X

Forgot your Password

If you have forgotten your password, please enter your account email below and we will reset your password and email you the new password.

X

Login to SciCrunch

X

Register an Account

Delete Saved Search

Are you sure you want to delete this saved search?

NO

NIF LinkOut Portal

FILTERS

Protein trafficking and anchoring complexes revealed by proteomic analysis of inward rectifier potassium channel (Kir2.x)-associated proteins.

Authors:
Leonoudakis D, Conti LR, Anderson S, Radeke CM, McGuire LM, Adams ME, Froehner SC, Yates JR, Vandenberg CA
Affiliation:
Journal:
The Journal of biological chemistry

Abstract

Inward rectifier potassium (Kir) channels play important roles in the maintenance and control of cell excitability. Both intracellular trafficking and modulation of Kir channel activity are regulated by protein-protein interactions. We adopted a proteomics approach to identify proteins associated with Kir2 channels via the channel C-terminal PDZ binding motif. Detergent-solubilized rat brain and heart extracts were subjected to affinity chromatography using a Kir2.2 C-terminal matrix to purify channel-interacting proteins. Proteins were identified with multidimensional high pressure liquid chromatography coupled with electrospray ionization tandem mass spectrometry, N-terminal microsequencing, and immunoblotting with specific antibodies. We identified eight members of the MAGUK family of proteins (SAP97, PSD-95, Chapsyn-110, SAP102, CASK, Dlg2, Dlg3, and Pals2), two isoforms of Veli (Veli-1 and Veli-3), Mint1, and actin-binding LIM protein (abLIM) as Kir2.2-associated brain proteins. From heart extract purifications, SAP97, CASK, Veli-3, and Mint1 also were found to associate with Kir2 channels. Furthermore, we demonstrate for the first time that components of the dystrophin-associated protein complex, including alpha1-, beta1-, and beta2-syntrophin, dystrophin, and dystrobrevin, interact with Kir2 channels, as demonstrated by immunoaffinity purification and affinity chromatography from skeletal and cardiac muscle and brain. Affinity pull-down experiments revealed that Kir2.1, Kir2.2, Kir2.3, and Kir4.1 all bind to scaffolding proteins but with different affinities for the dystrophin-associated protein complex and SAP97, CASK, and Veli. Immunofluorescent localization studies demonstrated that Kir2.2 co-localizes with syntrophin, dystrophin, and dystrobrevin at skeletal muscle neuromuscular junctions. These results suggest that Kir2 channels associate with protein complexes that may be important to target and traffic channels to specific subcellular locations, as well as anchor and stabilize channels in the plasma membrane.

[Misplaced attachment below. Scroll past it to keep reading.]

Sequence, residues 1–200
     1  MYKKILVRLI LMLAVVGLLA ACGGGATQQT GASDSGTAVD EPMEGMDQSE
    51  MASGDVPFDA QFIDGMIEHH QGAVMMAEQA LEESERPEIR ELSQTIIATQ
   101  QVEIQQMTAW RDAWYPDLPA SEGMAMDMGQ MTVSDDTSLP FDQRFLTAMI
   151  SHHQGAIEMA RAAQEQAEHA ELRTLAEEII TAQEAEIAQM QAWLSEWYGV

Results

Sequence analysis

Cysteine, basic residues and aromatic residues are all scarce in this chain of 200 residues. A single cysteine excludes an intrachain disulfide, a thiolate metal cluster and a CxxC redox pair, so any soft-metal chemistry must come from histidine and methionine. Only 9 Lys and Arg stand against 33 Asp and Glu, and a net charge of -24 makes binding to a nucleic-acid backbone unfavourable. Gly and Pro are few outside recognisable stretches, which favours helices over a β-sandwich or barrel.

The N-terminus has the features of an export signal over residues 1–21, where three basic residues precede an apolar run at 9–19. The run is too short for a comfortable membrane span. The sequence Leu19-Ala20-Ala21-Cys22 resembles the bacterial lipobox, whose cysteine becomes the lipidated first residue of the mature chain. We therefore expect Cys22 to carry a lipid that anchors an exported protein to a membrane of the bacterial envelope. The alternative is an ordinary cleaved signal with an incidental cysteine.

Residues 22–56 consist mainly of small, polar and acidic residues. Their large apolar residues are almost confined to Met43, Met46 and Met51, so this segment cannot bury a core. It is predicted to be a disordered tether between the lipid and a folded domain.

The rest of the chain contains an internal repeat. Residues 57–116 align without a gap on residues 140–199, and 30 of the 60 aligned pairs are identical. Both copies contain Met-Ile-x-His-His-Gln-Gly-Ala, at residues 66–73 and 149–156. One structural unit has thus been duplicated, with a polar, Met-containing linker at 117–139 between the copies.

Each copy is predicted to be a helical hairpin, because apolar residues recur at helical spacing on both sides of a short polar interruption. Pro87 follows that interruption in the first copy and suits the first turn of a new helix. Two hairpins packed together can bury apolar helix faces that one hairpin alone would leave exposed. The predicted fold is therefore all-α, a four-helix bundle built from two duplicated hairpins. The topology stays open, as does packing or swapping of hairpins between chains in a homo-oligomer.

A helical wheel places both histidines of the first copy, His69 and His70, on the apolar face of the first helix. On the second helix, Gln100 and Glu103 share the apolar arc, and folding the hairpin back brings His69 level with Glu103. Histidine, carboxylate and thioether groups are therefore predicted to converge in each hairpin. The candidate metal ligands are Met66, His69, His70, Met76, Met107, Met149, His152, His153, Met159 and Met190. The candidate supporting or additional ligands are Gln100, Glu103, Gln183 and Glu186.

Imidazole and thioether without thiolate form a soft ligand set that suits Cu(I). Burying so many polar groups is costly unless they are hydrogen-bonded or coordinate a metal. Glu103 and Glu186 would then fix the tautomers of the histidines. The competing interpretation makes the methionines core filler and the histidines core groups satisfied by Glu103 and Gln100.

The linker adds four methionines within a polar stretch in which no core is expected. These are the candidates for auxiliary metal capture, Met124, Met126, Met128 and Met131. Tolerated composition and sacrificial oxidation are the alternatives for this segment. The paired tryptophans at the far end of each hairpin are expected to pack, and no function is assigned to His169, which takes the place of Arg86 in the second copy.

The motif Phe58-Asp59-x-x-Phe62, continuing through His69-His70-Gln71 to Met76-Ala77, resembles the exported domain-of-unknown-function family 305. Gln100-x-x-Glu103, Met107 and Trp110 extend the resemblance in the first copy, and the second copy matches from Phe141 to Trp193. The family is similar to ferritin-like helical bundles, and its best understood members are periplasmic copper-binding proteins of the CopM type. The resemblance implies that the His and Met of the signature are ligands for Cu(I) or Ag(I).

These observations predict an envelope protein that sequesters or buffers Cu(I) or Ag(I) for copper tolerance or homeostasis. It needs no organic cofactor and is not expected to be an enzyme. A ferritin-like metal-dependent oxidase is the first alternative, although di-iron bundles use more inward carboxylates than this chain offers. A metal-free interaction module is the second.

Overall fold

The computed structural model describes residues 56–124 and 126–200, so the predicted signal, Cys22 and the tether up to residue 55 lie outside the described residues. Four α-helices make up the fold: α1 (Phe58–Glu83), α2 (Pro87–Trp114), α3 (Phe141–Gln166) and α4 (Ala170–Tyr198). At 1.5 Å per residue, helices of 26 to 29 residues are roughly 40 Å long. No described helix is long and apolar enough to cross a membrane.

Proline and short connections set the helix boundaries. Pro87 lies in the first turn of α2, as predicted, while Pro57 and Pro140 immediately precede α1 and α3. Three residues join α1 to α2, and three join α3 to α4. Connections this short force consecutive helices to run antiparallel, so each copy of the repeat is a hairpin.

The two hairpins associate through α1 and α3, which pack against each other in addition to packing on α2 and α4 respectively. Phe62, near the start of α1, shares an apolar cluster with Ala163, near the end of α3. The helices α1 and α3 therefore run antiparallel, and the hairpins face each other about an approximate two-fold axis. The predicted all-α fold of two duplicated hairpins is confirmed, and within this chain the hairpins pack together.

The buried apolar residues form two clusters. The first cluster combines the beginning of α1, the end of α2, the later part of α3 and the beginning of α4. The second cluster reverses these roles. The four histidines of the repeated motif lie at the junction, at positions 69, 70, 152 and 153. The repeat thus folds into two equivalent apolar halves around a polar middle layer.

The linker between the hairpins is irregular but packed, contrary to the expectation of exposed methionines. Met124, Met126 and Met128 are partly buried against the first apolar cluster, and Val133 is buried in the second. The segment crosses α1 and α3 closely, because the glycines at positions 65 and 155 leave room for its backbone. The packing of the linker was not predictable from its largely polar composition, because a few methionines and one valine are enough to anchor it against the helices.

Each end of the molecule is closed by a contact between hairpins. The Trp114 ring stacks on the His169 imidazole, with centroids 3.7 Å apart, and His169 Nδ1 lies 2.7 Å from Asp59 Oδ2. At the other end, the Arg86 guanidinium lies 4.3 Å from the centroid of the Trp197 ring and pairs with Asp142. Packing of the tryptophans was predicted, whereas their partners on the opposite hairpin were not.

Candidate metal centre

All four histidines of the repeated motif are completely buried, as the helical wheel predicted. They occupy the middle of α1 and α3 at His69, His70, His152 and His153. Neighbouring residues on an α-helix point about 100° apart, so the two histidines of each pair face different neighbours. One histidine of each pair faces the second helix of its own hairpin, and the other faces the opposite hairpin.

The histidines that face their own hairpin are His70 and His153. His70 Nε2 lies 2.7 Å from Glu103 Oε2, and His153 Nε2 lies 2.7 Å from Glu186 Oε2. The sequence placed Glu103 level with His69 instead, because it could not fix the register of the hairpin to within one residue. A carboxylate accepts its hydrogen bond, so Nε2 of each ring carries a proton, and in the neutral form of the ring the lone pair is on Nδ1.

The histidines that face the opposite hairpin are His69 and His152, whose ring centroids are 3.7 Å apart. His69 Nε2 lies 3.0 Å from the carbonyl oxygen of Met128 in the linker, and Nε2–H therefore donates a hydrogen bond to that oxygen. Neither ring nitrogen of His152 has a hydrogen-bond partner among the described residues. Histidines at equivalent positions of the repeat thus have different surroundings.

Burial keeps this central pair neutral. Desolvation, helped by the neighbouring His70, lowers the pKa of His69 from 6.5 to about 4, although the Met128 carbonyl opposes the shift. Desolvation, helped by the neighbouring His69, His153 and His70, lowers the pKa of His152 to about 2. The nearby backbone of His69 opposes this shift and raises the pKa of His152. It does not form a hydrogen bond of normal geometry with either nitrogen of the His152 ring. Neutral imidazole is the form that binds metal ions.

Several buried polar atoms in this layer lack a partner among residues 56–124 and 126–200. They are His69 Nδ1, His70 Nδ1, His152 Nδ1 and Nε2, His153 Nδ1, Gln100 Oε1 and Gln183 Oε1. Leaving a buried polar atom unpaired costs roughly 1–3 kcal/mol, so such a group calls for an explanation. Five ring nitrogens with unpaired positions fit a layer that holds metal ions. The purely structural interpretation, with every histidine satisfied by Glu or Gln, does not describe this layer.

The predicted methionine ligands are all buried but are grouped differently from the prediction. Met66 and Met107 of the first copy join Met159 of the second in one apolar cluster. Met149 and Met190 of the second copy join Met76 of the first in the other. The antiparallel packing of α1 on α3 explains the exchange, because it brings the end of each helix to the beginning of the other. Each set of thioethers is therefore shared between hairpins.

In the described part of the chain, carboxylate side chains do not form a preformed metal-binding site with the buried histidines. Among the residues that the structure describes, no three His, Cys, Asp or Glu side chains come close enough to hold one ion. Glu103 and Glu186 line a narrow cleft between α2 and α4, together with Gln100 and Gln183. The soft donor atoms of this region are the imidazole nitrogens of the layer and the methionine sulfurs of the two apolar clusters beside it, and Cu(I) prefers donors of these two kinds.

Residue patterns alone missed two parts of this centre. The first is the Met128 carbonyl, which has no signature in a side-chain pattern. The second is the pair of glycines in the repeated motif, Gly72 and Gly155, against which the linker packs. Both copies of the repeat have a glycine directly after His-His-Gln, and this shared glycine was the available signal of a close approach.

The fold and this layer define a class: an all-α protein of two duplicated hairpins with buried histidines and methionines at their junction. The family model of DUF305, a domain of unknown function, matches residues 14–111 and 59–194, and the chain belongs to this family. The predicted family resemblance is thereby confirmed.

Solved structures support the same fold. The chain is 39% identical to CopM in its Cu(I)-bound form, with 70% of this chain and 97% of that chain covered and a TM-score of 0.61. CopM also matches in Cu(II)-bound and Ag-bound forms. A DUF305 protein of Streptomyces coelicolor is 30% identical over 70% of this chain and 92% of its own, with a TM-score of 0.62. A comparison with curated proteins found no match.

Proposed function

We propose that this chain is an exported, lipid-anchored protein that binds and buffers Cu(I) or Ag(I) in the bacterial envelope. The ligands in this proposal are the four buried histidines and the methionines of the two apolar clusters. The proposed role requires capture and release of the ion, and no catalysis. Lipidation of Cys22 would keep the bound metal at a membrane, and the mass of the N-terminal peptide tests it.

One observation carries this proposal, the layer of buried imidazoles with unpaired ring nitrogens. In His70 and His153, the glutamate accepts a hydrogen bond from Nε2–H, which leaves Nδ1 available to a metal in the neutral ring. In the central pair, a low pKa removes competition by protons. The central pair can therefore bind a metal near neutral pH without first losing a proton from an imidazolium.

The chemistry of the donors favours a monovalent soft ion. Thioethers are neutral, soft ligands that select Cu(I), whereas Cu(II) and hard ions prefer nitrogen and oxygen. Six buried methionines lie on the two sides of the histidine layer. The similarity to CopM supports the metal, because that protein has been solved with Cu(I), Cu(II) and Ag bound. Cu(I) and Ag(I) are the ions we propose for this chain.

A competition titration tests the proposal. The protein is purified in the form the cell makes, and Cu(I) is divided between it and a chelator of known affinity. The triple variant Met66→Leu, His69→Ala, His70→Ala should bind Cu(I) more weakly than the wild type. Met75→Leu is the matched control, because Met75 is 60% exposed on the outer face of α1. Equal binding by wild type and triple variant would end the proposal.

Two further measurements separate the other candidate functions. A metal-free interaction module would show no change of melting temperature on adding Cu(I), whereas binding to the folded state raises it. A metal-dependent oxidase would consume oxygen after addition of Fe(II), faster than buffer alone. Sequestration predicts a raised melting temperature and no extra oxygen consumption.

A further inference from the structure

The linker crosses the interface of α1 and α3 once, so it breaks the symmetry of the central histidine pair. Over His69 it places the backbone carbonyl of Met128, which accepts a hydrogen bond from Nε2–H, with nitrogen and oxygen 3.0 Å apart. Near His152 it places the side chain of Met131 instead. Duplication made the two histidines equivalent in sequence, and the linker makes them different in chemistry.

BioGRID Links

  1. Welcome

    Welcome to NIF. Explore available research resources: data, tools and materials, from across the web

  2. Community Resources

    Search for resources specially selected for NIF community

  3. More Resources

    Search across hundreds of additional biomedical databases

  4. Literature

    Search Pub Med abstracts and full text from PubMed Central

  5. Insert your Query

    Enter your search terms here and hit return. Search results for the selected tab will be returned.

  6. Join the Community

    Click here to login or register and join this community.

  7. Categories

    Narrow your search by selecting a category. For additional help in searching, view our tutorials.

  8. Query Info

    Displays the total number of search results. Provides additional information on search terms, e.g., automated query expansions, and any included categories or facets. Expansions, filters and facets can be removed by clicking on the X. Clicking on the + restores them.

  9. Search Results

    Displays individual records and a brief description. Click on the icons below each record to explore additional display options.

X